CEDAR CITY – Cedar City Council Candidates will gather together Thursday from 6:30 to 8 p.m. in the Southern Utah University Ballroom for a short meet-and-greet with the public followed by a one-hour debate moderated by the Michael O. Leavitt Center for Politics and Public Relations.
The debate is open to the public and will feature 2015 Cedar City Council election candidates John Black, Paul Cozzens, Kip Hansen, Terri Hartley, Craig Isom and Don Marchant.
The three seats opening on the Cedar City Council are currently occupied by Black, Cozzens and Marchant; all three are running for re-election. Hansen, Hartley and Isom are challenging the incumbents in November hoping to claim a chair of their own on the council.
The meet-and-greet will be the time for residents to ask the candidates any questions they may have, Leavitt Center Student Director of Marketing and Public Relations Bailey Bowthorpe said, and to get to know them better.
The debate is slated to begin at 7 p.m. sharp, she said, emphasizing that there will only be one hour to ask the questions they have determined would be key issues for Cedar City residents, and will have to adhere to a strict schedule.
“The purpose of the debate is to educate and inform the citizens of Cedar City about these candidates and their views on salient local issues,” a press release said. “The debate will be moderated by student Executive Council members in the Michael O. Leavitt Center for Politics & Public Service.”
Some of the issues on the table for discussion include regional water issues, budgetary concerns, prosperous economic growth, the unionization of the Iron County Sheriff’s Office and each candidate’s knowledge and skill set that would contribute positively to holding a public service position.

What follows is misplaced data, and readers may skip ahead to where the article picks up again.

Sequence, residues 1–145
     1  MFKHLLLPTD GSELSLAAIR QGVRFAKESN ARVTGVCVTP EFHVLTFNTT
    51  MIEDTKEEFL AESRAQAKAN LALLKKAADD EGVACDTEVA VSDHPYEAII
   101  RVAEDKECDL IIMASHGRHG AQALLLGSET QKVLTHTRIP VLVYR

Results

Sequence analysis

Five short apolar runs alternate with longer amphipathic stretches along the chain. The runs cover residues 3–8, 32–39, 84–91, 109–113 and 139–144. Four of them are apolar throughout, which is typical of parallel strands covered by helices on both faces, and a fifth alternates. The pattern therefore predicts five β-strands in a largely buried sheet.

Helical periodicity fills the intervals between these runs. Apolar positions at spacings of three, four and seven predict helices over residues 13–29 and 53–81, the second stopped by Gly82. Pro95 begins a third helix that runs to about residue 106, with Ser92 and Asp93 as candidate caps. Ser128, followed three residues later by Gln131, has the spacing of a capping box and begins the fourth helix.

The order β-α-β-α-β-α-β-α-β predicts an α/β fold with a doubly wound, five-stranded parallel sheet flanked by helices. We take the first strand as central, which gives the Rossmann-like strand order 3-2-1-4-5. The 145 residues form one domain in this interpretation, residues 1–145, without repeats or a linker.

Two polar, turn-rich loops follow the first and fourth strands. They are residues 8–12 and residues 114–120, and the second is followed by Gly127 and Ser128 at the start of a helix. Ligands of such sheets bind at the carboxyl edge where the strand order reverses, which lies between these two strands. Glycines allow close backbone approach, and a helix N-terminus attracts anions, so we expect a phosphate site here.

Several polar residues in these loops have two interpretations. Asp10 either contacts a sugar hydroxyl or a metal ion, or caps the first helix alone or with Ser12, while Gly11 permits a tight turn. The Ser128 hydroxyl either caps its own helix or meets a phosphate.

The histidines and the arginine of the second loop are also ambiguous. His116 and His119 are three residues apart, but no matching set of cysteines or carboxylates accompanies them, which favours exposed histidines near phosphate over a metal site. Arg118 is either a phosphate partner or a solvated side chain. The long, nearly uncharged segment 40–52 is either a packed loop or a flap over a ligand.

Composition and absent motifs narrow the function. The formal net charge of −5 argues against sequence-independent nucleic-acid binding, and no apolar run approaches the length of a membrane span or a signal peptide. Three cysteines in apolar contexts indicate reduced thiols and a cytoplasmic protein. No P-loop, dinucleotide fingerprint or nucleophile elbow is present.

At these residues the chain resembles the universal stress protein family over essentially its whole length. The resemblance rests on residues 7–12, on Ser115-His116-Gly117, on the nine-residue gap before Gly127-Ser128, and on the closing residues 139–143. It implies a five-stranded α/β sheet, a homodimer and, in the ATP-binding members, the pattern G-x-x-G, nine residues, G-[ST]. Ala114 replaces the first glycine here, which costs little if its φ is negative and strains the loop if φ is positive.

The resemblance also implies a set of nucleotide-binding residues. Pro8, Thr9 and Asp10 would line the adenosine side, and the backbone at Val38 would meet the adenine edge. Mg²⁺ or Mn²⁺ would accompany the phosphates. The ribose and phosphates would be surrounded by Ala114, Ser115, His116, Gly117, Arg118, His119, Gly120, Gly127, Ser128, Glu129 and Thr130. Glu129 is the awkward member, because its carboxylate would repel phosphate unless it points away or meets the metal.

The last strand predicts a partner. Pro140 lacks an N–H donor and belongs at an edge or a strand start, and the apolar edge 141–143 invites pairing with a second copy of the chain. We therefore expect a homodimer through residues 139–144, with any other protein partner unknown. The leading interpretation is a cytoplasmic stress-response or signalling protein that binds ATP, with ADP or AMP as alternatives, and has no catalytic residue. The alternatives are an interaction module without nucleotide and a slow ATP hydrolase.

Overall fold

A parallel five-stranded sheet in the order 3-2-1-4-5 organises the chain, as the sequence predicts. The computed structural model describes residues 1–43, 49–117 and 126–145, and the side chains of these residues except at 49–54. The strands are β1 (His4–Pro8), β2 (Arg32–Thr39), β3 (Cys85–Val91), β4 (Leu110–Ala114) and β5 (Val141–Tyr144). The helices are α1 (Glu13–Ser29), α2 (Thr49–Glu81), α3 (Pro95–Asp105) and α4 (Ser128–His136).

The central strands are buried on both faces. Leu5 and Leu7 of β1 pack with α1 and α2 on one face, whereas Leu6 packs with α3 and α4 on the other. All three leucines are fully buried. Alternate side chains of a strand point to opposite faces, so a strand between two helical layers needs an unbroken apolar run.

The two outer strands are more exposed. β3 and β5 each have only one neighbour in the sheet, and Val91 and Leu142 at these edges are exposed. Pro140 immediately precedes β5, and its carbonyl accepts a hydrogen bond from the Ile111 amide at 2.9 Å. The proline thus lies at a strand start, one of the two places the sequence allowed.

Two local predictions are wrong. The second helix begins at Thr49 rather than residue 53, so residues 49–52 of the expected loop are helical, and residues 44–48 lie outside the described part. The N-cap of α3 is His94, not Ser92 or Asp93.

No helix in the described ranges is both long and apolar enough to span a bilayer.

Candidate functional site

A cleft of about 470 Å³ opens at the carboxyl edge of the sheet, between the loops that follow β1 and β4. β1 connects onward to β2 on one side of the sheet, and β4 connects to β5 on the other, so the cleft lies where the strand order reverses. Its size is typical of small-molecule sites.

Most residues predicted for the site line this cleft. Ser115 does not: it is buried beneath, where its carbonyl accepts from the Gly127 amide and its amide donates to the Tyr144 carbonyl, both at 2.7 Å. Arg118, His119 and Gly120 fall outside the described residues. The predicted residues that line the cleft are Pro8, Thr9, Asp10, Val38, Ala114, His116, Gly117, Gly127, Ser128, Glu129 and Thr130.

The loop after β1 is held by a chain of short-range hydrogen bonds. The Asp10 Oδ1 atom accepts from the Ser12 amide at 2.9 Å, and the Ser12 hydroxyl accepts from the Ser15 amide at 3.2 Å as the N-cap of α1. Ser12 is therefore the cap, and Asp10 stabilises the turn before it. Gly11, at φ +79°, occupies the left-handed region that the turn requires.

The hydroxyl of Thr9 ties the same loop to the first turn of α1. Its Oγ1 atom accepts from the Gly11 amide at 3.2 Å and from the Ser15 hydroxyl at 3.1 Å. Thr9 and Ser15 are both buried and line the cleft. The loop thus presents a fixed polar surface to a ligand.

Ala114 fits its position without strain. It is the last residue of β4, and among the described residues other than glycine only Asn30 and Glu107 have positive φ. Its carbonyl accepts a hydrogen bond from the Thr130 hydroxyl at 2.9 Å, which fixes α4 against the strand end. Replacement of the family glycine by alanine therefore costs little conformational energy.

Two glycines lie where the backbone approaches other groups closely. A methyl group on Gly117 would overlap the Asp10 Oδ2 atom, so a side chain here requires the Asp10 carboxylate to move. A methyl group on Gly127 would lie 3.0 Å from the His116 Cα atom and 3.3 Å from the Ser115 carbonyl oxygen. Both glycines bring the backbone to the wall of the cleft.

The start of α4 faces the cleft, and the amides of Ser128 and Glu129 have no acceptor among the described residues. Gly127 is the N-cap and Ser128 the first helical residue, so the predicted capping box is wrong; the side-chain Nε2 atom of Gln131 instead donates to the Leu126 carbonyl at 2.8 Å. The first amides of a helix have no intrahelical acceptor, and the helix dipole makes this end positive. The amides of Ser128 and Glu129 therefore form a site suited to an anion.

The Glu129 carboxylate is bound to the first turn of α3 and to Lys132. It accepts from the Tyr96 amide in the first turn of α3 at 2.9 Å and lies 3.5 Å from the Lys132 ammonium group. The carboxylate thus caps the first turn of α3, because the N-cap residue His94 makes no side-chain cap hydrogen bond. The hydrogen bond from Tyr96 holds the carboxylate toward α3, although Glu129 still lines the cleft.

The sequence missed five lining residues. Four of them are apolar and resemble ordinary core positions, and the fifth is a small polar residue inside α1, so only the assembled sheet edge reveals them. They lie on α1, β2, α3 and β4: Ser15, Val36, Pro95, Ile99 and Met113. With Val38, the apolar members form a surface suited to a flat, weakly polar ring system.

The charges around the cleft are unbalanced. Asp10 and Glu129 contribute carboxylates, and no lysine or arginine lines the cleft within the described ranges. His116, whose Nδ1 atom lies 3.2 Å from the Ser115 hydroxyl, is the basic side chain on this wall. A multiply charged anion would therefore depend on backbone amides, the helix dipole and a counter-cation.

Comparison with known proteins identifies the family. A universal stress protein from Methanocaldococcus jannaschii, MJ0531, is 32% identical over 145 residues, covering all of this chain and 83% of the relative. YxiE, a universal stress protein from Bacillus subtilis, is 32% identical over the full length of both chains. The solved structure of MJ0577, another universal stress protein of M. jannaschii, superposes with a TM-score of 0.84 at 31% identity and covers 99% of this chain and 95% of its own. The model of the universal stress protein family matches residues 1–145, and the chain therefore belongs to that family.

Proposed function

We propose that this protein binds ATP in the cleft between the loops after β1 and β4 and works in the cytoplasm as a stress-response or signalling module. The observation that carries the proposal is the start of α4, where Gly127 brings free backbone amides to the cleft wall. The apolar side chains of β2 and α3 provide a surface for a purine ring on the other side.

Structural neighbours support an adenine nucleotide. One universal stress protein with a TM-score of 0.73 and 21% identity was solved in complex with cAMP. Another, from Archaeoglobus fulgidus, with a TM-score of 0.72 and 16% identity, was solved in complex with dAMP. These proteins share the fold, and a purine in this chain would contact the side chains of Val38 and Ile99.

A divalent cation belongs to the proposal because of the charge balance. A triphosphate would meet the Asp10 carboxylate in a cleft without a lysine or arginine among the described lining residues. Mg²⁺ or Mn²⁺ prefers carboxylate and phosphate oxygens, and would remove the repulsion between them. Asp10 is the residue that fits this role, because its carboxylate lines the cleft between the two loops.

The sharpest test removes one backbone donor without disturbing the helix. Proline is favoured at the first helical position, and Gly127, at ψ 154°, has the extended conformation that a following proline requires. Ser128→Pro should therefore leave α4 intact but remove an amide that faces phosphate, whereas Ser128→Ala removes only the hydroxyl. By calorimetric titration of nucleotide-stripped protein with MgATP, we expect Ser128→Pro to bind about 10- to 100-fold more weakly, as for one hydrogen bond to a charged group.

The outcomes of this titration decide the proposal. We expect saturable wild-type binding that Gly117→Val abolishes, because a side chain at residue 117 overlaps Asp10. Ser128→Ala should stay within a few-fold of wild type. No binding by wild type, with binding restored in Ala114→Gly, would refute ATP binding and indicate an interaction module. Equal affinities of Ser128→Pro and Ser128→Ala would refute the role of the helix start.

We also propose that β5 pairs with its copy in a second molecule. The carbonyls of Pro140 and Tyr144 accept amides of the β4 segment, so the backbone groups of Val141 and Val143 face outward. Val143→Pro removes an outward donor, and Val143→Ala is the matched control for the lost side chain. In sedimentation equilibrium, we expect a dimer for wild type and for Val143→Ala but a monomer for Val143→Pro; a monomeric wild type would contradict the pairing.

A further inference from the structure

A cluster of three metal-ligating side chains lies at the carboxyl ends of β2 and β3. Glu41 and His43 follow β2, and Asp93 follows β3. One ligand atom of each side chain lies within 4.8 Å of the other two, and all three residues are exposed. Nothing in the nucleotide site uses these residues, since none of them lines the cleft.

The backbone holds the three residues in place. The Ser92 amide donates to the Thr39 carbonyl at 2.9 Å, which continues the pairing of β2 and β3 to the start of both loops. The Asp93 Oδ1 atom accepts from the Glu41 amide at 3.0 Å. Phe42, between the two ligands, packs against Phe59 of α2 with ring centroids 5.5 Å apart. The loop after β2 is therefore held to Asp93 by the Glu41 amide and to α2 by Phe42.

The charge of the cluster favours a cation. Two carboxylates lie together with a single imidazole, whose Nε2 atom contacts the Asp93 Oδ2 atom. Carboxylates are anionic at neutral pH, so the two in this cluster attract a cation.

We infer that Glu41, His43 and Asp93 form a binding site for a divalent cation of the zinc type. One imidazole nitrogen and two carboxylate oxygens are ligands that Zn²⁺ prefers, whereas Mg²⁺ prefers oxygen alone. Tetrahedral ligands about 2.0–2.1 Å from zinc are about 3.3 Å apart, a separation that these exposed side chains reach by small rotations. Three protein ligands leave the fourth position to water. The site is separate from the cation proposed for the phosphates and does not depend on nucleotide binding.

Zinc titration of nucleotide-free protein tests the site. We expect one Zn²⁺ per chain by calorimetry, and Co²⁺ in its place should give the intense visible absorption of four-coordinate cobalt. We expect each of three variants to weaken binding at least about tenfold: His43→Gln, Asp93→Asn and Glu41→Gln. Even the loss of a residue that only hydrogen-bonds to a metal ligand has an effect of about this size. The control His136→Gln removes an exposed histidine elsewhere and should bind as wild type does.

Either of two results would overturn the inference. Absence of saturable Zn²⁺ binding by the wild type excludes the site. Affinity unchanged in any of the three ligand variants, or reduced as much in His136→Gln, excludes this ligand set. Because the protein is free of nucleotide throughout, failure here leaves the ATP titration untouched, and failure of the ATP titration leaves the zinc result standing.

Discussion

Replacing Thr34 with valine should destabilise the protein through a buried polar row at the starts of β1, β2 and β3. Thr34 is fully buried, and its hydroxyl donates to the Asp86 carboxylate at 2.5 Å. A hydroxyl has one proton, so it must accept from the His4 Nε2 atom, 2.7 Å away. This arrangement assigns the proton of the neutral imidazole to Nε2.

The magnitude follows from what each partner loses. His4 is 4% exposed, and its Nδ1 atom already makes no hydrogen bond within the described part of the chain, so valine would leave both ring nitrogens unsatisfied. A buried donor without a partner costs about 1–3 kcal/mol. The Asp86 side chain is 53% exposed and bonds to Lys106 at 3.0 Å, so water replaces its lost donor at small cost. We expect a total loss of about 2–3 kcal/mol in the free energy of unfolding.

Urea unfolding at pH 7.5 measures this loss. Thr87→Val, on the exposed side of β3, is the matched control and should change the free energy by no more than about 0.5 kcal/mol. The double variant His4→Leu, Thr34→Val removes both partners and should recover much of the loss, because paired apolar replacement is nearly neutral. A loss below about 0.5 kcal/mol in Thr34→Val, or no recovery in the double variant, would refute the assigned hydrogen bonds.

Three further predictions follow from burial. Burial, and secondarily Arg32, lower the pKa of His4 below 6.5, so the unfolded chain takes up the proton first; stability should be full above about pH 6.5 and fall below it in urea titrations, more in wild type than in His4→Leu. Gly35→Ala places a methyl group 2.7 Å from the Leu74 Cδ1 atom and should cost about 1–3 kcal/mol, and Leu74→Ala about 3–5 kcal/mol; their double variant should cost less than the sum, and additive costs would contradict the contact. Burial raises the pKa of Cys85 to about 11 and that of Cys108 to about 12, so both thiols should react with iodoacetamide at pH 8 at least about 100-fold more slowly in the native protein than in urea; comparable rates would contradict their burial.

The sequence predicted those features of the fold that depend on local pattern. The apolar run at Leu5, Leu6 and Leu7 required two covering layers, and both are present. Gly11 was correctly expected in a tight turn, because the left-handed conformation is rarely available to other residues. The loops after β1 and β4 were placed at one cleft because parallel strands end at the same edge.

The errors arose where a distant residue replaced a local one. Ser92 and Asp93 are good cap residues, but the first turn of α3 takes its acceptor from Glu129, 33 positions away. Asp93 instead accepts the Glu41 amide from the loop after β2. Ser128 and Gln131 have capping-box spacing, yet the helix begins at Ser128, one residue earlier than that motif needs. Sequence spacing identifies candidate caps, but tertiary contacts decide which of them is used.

Attending debates like these are essential for voters to get to know the candidates and understand how each of them operates and would represent the community should they be elected into office, Bowthorpe said.
There are no other opportunities that allow the candidates to come together and answer questions that focus on key issues the way a debate does, she said.
The students who moderate the debate work hard to understand what issues are at the forefront of community discussions, Bowthorpe said, creating questions that are not leading but may result in a fruitful response from each candidate.
“We create a question and then we go through it and we edit it several times to make sure that it is in no way leading,” she said, “and that we aren’t assuming anything by the questions that we ask.”
In the 2013 Cedar City election there was a 30 percent voter turnout to the polls, Bowthorpe said.
Voting at the local level is some of the most pivotal voting that can be done during any election, she said, because it influences residents in their own backyards, adding:
I think this election, really, is crucial because we’re at a turning point in Cedar City – there’s going to be a lot of growth, and so it’s important to have people in there that understand and that can represent Cedar City well.
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